Lima: Longtime Lima Mayor David Berger, who served in the office for 32 years, announced earlier this year that he was not running for reelection. In addition to electing the first new mayor since 1989, the contest guaranteed a historic result, the city’s first female mayor in its history. Sharetta Smith defeated Elizabeth Hardesty 3,180 to 2,678. Mayor-elect Smith also becomes the city’s first African American mayor.
City council elections
Cincinnati: A field of 35 candidates was winnowed to nine. Council members Jan Michele Lemon-Kearney and Greg Landsman led the field. Also elected were Reggie Harris, Meeka Owens, Victoria Parks, Scotty Johnson, Jeff Cramerding, Mark Jeffreys and Liz Keating. Keating is the lone Republican on council.
Cleveland: Current State Representative Stephanie Howse won her race for Ward 7 on Cleveland City Council, and in a very close race first-time candidate Rebecca Maurer bested longtime incumbent Anthony Brancatelli in Ward 12. Other successful candidates include: Joe Jones, Kevin Bishop, Kerry McCormack, Deborah Gray, Richard Starr, Blaine Griffin, Michael Polensek, Kevin Conwell, Anthony Hairston, Brian Mooney, Kris Harsh, Jasmin Santana, Jenny Spencer, Brian Kazy and Charles Slife.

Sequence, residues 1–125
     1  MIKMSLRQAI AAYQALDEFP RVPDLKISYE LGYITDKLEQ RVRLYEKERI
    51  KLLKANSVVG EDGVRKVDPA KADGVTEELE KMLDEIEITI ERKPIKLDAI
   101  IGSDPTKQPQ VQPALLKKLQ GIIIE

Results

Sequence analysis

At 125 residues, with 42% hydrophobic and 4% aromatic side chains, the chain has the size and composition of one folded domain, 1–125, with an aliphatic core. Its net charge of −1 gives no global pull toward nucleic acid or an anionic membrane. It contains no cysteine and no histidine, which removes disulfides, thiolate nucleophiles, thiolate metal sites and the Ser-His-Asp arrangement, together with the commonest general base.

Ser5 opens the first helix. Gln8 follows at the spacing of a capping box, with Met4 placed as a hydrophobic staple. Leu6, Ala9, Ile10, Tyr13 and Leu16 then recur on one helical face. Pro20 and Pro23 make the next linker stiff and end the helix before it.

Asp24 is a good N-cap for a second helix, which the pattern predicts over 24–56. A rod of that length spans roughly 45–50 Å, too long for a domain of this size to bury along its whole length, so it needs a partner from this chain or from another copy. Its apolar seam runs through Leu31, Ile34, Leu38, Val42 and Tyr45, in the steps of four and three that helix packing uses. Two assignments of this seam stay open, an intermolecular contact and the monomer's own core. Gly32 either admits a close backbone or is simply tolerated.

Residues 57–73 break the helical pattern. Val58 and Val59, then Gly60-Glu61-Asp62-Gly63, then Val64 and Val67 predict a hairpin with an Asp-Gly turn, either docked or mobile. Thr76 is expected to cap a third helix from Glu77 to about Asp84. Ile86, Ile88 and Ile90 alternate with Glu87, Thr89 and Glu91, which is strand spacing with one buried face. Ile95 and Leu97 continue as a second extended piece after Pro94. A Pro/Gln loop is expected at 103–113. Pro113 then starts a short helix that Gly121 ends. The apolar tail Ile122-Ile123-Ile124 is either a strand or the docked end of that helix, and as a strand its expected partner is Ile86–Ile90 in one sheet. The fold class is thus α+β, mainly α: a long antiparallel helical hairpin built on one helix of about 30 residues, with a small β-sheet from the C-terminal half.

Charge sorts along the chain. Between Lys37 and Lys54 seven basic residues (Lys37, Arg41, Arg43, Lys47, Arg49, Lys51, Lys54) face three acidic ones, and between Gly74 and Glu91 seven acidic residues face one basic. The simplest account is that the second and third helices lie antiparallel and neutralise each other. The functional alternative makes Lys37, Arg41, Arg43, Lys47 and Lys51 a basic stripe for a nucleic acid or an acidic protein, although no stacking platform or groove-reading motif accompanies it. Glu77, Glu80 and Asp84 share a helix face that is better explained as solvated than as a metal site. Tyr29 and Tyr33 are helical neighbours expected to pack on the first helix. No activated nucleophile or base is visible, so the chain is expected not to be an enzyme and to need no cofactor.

Columbus: Columbus City Council President Shannon Hardin was easily reelected and Nick Bankston and Lourdes Barroso de Padilla, all Democrats, were elected for the first time replacing Priscilla Tyson and Mitchell Brown, who are retiring from council. Former local reporter Tom Sussi, an Independent endorsed by the Republican Party, was the other candidate running for council.
Dayton City Commission: Incumbent Darryl Fairchild and Shenise Turner-Sloss campaigned together and defeated Stacey Benson-Taylor and Scott Silver for two seats on the Dayton City Commission.
Toledo: Nick Komives, Cerssandra McPherson, Katie Moline and Tiffany Preston Whitman all won and retained their seats on Toledo City Council. Former member of council, George Sarantou, also won a seat. Rounding out the six seats, from a field of twelve, is newcomer Michele Grim. All except Sarantou were endorsed by the Lucas County Democratic Party.
Cleveland Municipal Court: Cleveland residents voted for four judicial seats on the municipal court. Andrea Nelson Moore prevailed in her race against Michael Sliwinski. Judge Ann Oakar, Judge Lauren Moore and Judge Suzan Sweeney all were unopposed for reelection.
Franklin County Municipal Court: Franklin County residents voted for seven judicial seats in 2021.
For the Franklin County Environmental Judge, the competitive race featured incumbent Judge Stephanie Mingo who prevailed over Scott Kirschman. Judge Gina Russo and Mary Kay Fenlon also won close races for the Franklin County Municipal Court.
The other successful candidates for Franklin County Municipal Court were Mike McAllister, Bill Hedrick, Judge Cynthia Ebner, Judge Jim O’Grady, Judge Mark Hummer and Judge Eileen Paley.